If there is one virtue voters had every reason to expect from Barack Obama, it is a strong sense of social justice. Yet somehow the one-time community organizer has dropped that ball when it comes to the exercise of his constitutional power to pardon individuals who have committed federal offenses.
Does voter fraud actually exist? If you ask members of the Obama administration, Democratic lawmakers or the left-leaning media, they often argue it's a myth concocted by Republicans to suppress Democratic turnout. Even U.S. Attorney General Eric Holder has called voter fraud "a problem that does not really exist." But what you won't see in most of the nation's headlines is the series of explosive investigations by patriot James O'Keefe and his nonprofit, Project Veritas.
Just before sneaking off to Hawaii where he barred news photos on the golf course, President Obama overturned longstanding U.S. policy that prohibited internet gambling. In yet another presidential shenanigan that bypasses U.S. law, Obama used the device of a secret Justice Department Office of Legal Counsel opinion, dated in September and quietly released to the public on Christmas Eve.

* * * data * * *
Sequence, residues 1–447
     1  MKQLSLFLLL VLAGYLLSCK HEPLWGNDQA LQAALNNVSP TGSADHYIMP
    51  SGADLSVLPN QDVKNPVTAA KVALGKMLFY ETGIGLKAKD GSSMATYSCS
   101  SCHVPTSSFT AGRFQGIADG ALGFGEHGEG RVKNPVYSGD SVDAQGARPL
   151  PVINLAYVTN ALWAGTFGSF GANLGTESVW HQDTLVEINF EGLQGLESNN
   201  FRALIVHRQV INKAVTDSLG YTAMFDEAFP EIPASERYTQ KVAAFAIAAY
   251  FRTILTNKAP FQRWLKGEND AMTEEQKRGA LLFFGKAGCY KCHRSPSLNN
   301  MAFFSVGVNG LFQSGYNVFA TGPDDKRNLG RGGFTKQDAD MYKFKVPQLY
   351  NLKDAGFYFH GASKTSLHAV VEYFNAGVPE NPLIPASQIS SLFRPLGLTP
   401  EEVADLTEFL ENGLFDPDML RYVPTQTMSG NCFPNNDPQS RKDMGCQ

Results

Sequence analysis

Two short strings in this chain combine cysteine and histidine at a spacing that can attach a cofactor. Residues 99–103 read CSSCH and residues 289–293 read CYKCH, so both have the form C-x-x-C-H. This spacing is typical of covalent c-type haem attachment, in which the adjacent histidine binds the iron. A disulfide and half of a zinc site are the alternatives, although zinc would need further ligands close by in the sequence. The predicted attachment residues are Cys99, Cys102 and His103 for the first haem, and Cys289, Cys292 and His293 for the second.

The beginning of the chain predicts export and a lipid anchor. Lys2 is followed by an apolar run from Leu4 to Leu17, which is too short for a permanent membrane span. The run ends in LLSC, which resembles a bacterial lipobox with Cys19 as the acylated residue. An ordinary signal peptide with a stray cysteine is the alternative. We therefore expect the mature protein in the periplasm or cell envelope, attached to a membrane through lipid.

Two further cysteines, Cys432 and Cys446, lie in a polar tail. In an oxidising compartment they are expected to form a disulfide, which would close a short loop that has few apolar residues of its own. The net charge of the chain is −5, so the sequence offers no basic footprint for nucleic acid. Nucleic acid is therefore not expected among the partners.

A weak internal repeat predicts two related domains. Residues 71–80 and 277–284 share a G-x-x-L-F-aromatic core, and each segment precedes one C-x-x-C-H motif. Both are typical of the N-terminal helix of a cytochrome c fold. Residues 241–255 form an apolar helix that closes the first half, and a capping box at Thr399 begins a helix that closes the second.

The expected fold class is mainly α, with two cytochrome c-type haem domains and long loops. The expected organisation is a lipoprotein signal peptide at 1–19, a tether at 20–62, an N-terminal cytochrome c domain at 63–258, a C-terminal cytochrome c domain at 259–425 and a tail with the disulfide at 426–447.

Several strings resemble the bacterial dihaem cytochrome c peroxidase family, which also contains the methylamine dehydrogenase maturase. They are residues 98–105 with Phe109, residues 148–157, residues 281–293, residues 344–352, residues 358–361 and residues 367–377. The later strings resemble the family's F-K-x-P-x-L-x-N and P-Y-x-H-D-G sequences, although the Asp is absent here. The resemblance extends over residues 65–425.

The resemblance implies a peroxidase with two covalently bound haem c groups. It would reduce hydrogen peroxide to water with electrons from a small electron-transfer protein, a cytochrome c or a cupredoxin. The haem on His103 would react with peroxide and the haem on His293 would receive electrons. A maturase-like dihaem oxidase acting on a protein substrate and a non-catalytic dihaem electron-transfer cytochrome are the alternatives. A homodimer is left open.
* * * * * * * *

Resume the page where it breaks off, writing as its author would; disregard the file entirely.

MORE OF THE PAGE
Sometimes, as the saying goes, the truth really is stranger than fiction. There may have been some wild plotlines on "Walker, Texas Ranger," but there was nothing that compares to the scandal surrounding "Fast and Furious" -- the Bureau of Alcohol, Tobacco, Firearms and Explosives operation that resulted in the loss of a distinguished Border Patrol agent, Brian Terry.
Holder’s testimony surrounding Operation Fast and Furious on Capitol Hill can be summed up this way: I knew nothing about this, none of my senior officials authorized this, it was a local project and we need more gun control.